Cloud Computing Introduction

Dr Peadar Grant

Cloud Architecture

Recommended reading [Badger et al.2012].

1 What’s it all about?

Cloud computing is essentially renting computing resources as needed to build-up systems in a quick self-service way. Think of it as booking a ryanair flight (vs buying your own plane), renting a car in a foreign country (vs buying one) or taking an AirBNB (vs buying a holiday home). Like travel planning, learning how to design, provision and utilise cloud computing resources is a learned skill developed through practice.

2 Backend

In this module we will primarily focus on backend processing, as opposed to frontend computing (desktops, mobile devices). As with any computing system, backend processing generally involves three key ingredients:

Compute power:
in the form of CPU cycles in server hardware, possibly shared by a hypervisor and managed by an operating system.
Storage:
in the form of magentic disks, SSDs, tape and other media that is directly attached to server hardware or connected over a network.
Connectivity:
so that the remote computing resource can be utilised by its intended consumers.

The earliest large computers (so-called mainframes like IBM System/360) led to smaller minicomputers (DEC PDP 8/11, VAX, IBM AS/400) and later on to PC-based servers running Linux / UNIX / Windows. Yet many of the ideas we’ll see in Cloud particular around pricing and pay-per-use actually were and are evident in Mainframes.

2.1 Batch processing

Historically a lot of backend processing was batch-oriented. This is still encountered in business processes (e.g. a bank processes payments overnight or utility sends a bill once a month).

2.2 Services

The alternative to batch processing is service-based processing, where a server allows one or more clients to connect and processes data in real time. Services commonly encountered include:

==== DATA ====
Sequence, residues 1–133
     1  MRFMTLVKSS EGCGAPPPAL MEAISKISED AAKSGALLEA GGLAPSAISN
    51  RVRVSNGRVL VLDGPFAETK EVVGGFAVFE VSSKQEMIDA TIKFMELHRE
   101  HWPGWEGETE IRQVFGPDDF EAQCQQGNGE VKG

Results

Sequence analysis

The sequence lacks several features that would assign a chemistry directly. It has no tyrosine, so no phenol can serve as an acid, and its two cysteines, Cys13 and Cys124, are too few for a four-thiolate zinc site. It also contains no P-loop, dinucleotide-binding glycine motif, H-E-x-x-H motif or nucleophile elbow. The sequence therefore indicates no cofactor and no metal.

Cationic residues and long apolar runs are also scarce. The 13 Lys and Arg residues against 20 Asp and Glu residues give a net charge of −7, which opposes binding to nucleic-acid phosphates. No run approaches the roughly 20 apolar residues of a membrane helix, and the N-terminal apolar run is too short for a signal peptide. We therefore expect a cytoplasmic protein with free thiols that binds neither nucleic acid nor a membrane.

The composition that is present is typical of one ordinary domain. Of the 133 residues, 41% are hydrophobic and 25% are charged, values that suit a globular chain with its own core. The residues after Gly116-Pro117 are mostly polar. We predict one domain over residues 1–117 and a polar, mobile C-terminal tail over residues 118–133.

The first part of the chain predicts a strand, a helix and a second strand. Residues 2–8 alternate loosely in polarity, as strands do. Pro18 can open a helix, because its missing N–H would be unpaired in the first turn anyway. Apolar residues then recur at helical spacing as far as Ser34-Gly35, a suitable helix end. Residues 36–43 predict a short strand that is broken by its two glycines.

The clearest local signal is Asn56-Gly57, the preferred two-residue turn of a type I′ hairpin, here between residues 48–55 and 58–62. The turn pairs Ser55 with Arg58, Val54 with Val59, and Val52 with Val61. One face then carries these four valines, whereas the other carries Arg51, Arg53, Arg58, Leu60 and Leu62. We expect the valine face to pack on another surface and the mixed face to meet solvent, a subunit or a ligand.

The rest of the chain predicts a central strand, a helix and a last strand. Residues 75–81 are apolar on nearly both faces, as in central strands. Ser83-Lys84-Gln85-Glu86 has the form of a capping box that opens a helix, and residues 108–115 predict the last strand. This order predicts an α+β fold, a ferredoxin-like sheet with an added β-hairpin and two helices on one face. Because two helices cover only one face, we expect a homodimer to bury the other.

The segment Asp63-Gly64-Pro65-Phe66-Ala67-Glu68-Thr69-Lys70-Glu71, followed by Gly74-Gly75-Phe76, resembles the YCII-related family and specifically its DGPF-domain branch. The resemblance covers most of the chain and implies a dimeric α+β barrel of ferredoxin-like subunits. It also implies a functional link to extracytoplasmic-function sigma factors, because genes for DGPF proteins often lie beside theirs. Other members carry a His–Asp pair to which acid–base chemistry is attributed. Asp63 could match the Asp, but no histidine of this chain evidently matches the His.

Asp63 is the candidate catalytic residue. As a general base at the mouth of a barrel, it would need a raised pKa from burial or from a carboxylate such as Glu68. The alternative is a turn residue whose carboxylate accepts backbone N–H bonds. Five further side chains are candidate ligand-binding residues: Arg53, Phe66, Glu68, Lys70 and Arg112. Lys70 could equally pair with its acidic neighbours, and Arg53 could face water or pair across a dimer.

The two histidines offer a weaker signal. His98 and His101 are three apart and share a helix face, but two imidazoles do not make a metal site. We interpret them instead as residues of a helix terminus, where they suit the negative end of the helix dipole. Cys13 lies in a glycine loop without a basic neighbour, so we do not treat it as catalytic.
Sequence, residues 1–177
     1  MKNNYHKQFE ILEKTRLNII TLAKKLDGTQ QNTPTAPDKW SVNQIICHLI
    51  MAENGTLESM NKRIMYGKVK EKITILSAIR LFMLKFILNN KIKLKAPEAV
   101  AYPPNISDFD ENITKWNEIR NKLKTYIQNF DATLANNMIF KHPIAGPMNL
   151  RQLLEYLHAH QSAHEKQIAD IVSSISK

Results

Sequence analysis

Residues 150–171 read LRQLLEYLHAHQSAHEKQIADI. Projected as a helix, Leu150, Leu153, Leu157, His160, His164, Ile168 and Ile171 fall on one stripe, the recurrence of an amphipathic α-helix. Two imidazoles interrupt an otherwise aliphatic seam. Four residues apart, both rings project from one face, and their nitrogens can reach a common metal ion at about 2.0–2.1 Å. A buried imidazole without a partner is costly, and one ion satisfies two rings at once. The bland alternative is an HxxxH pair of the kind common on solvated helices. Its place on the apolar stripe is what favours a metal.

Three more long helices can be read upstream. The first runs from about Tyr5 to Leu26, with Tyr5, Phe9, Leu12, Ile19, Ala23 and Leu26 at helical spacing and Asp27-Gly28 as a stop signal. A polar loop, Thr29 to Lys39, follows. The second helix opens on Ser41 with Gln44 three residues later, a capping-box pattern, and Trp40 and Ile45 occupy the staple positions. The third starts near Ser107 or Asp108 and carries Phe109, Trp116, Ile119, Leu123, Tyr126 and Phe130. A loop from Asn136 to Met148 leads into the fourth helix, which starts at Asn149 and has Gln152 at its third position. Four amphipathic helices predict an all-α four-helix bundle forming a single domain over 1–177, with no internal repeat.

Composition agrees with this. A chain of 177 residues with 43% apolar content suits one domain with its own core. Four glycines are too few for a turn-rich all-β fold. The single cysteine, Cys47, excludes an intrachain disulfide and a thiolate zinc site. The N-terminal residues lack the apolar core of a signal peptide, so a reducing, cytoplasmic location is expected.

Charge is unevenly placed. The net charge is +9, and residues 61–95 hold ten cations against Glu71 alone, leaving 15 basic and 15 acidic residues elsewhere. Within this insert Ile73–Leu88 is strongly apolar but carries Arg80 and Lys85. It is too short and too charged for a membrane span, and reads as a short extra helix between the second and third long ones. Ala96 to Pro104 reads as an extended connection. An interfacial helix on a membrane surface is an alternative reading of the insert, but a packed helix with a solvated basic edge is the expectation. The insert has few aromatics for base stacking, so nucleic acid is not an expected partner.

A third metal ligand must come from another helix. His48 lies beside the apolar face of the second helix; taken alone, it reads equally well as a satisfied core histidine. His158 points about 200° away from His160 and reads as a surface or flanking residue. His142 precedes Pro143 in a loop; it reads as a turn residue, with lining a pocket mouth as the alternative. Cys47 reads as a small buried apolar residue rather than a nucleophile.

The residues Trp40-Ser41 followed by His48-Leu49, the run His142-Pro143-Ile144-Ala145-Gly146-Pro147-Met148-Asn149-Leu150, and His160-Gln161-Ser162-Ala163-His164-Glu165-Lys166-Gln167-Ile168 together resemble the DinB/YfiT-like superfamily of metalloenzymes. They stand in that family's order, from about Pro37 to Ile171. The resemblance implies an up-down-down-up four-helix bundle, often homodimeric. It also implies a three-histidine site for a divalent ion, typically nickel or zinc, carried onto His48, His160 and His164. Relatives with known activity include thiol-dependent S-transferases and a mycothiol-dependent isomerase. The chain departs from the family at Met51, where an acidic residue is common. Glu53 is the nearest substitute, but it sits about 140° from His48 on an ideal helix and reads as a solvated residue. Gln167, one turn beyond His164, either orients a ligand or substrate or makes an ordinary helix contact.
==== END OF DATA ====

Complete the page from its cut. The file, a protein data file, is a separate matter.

We will assume in this module that all services communicate over standard TCP/IP. For a given service, the client and server implement a common protocol that normally has an associated standard port number.

2.3 Building systems

It is important to remember in practice that a service may be a client of another service, and that most systems of even modest complexity involve multiple interdependent services:

3 Service requirements

Assuming we are dealing with backend server environments, our services are assumed to consist of software running on appropriate hardware. Server hardware requires power, connectivity and cooling in a secure and fireproof environment with appropriate channels to manage the hardware remotely. Normally we require resiliency in the infrastructural services and connectivity so that the service remains available. We can first distinguish among a number of common patterns for where our services are hosted:

On-site
within a suitably equipped data centre environment providing power, connectivity, cooling and security with the appropriate resiliency for the required service availability.
Co-located
where our hardware is located in a data centre facility that provides space, power, connectivity, cooling and security with the appropriate levels of resiliency.
Hosted
where a provider provisions equipment and software that we require.

All of these environments require significant upfront capital expenditure, must be right-sized from the beginning and scaling requires significant effort.

4 Expenditure

Setting up and running any service requires expenditure, which can be broken down into:

Capital expenditure (CAPEX):
money spent on goods/services necessary for future performance. Usually fixed / non-consumable assets. CAPEX is often made using borrowed money.
Operational expenditure (OPEX):
money spent on goods/services necessary for day-to-day running of the business. Often supplies/inputs into output. Needs to be self-financing if the service/business is to survive.

Note that whether a particular item is CAPEX or OPEX depends on the context. To a homeowner, a bale of concrete blocks for an extension represents CAPEX. To the shop supplying them, they are an OPEX to buy.

Key advantage of cloud computing is shifting CAPEX to OPEX.

5 Cloud definition and characteristics

The term “cloud” primarily appeared in its current context when AWS released their so-called Elastic Compute Cloud in 2006. Rather than an explicit definition, Badger et al. [2012] describes five essential characteristics for a particular service to be termed a “cloud service”:

On-demand self-service
allowing consumer to provision required services without human interaction.
Broad network access
allowing consumer to access provisioned services over standard network interfaces (e.g. TCP/IP over internet).